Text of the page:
Hungry? No. 20 Iowa State is ‘starving’ for rematch with No. 10 Kansas


Collin Maguire/Iowa State Daily

Aljaz Kunc celebrates after hitting a three-pointer against the University of Kansas on Jan. 11 in Allen Fieldhouse.

Matt Belinson

Motivation won’t be a problem between No. 20 Iowa State and No. 10 Kansas Tuesday night at Hilton Coliseum.

The Jayhawks enter Tuesday’s top-20 matchup coming off an 18-point loss at home to No. 5 Kentucky on Saturday in the Big 12/SEC Challenge. The loss snapped Kansas’ 17-game winning streak at Allen Fieldhouse and marked the second-worst home loss in Bill Self’s 19 seasons at Kansas.

And for the Cyclones, Tuesday is a chance at revenge.

Iowa State dropped its first game against Kansas 62-60 on Jan. 11, despite leading 33-31 at halftime and a comeback attempt in the final two minutes.

The Cyclones aren’t oblivious to Kansas walking into Hilton Coliseum with something to prove. But they feel just as, if not more, ready for the matchup.

“I’ve heard a lot of things about when Kansas comes to town,” Iowa State forward Aljaz Kunc said Monday. “I heard sometimes it might get even crazier than the Iowa game.”

“They might come in hungry, but we’re going to come here tomorrow starving.”

Iowa State head coach T.J. Otzelberger views Tuesday’s game as another chance for the Cyclones to hone in on their identity, particularly when it comes to ball pressure and forcing Kansas into actions it otherwise would avoid.

The Cyclones turned the Jayhawks over 10 times in the first half on Jan. 11 and scored 17 points off the miscues, but managed to turn Kansas over just six times to the tune of nine points in the second half.

It’ll take urgency and a willingness to command the game for Iowa State and Otzelberger said it all comes back to getting 40 minutes of intense ball pressure to disrupt Kansas’ high-level guards.

“[I] feel like, no matter who we’ve played, when we’ve been the aggressor with that ball pressure and activity, we’ve been the team that things have gone our direction,” Otzelberger said.

Kansas has three guards who rank in the top-15 in the Big 12 in scoring, led by senior guard Ochai Agbaji. Agbaji is averaging a league-best 22.6 points per game in Big 12 play and is shooting 48 percent from three.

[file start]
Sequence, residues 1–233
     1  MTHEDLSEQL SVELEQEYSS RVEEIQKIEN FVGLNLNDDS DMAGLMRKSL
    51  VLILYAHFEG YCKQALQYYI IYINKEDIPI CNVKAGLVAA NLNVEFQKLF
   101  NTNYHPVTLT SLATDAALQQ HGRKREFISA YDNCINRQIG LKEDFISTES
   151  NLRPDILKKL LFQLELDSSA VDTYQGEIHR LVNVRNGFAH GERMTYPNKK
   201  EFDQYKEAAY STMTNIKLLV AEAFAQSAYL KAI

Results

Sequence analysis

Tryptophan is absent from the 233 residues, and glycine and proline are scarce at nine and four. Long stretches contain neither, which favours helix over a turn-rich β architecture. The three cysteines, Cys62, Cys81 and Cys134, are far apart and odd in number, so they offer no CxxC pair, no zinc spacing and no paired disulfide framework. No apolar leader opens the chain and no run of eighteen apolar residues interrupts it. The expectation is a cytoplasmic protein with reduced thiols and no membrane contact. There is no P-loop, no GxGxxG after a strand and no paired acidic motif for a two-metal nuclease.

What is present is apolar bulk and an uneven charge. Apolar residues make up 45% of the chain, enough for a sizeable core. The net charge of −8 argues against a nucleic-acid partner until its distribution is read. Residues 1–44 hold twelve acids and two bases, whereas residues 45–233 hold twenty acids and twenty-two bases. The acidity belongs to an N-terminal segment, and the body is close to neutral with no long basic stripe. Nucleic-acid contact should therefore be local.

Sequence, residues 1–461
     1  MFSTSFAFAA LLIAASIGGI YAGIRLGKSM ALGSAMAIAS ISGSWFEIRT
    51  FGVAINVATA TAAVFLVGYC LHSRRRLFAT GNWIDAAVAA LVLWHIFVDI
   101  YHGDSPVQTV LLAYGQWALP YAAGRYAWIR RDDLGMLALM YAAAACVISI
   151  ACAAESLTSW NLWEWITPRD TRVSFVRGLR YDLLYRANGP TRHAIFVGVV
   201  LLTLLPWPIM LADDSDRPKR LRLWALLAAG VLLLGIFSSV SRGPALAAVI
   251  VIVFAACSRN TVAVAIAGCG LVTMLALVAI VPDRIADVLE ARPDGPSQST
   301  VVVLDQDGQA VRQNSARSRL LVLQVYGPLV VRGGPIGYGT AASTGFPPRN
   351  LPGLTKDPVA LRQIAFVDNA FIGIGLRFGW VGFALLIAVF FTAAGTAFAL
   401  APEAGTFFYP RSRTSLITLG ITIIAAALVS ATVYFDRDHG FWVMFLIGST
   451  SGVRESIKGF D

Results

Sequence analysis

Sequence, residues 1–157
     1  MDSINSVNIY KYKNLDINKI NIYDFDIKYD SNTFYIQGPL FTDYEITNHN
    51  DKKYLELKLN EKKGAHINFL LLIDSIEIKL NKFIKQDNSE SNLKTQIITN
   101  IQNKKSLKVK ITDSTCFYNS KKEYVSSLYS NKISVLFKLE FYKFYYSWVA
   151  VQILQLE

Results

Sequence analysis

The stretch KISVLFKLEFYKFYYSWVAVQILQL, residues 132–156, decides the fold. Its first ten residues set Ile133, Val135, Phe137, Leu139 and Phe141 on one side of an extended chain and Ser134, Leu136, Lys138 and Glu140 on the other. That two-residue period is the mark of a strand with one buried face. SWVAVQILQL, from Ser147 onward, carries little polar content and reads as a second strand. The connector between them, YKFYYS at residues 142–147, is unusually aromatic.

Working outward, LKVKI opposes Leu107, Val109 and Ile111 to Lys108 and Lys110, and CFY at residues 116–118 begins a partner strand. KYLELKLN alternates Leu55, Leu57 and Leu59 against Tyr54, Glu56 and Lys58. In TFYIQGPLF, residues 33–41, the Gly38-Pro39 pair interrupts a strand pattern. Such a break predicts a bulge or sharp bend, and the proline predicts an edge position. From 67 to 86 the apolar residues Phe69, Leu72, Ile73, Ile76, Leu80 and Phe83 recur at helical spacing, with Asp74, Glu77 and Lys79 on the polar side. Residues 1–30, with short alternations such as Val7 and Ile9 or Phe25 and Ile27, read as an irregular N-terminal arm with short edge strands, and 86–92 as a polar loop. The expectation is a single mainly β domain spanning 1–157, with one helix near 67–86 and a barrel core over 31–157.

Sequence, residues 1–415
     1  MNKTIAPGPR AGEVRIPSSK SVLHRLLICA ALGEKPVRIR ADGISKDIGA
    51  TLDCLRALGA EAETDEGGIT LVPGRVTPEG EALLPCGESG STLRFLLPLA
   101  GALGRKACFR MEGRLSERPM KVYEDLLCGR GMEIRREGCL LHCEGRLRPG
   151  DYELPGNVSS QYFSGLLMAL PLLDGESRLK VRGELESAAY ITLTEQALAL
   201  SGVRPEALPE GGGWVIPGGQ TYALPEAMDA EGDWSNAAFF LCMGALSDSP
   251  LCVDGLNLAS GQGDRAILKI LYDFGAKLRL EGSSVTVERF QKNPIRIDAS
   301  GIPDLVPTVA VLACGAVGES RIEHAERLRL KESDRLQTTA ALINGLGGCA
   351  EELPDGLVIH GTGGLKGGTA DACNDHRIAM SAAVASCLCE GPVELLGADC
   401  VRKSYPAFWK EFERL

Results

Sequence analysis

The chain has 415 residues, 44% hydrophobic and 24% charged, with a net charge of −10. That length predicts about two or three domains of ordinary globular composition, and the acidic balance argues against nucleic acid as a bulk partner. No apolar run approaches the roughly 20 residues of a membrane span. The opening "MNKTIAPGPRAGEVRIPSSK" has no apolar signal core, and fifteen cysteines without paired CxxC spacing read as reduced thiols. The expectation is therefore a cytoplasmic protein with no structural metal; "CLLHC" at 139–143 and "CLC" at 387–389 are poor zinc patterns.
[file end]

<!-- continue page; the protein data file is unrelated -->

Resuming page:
Izaiah Brockington, Iowa State’s leading scorer at 16.8 ppg, said Iowa State has to stay the course and make it a mission to slow down Kansas’ firepower.

Brockington, who was named Big 12 Player of the Week on Monday for the third time this season, said Kansas makes life difficult for teams who can’t stick to principles. The Jayhawks come into Tuesday ready to prove to the world they aren’t a fluke and Brockington said the Cyclones have to meet that effort head-on.

The senior guard for the Cyclones scored 26 points (11-20 from the field), including five points in overtime in a road win over Oklahoma State on Wednesday. He followed that up with a team-high 15 points and six rebounds vs Missouri on Saturday.

Come Tuesday night, Brockington said Iowa State has to want to get the job done.

“Gotta be more disciplined on defense, not lose sight of their key guys if they’re shooters. When we do get them to miss, we gotta finish with rebounds,” Brockington said. “We can’t give them too many second chance opportunities, hustle plays – things that will give them the momentum.”

The crowd at Hilton Coliseum could be an additional boost of energy for Iowa State, and Brockington knows it.

In the Cyclones’ last four home games against Kansas, Hilton Coliseum has sold out. Otzelberger said he’ll remind his players of the privilege to play at Hilton Coliseum and to embrace the atmosphere and meet the moment.

“They’ve shown up every game for us, every game,” Brockington said of Iowa State fans.

No. 23 Iowa State and No. 10 Kansas will tipoff at 6 p.m. Tuesday at Hilton Coliseum. The game will be broadcast on ESPN.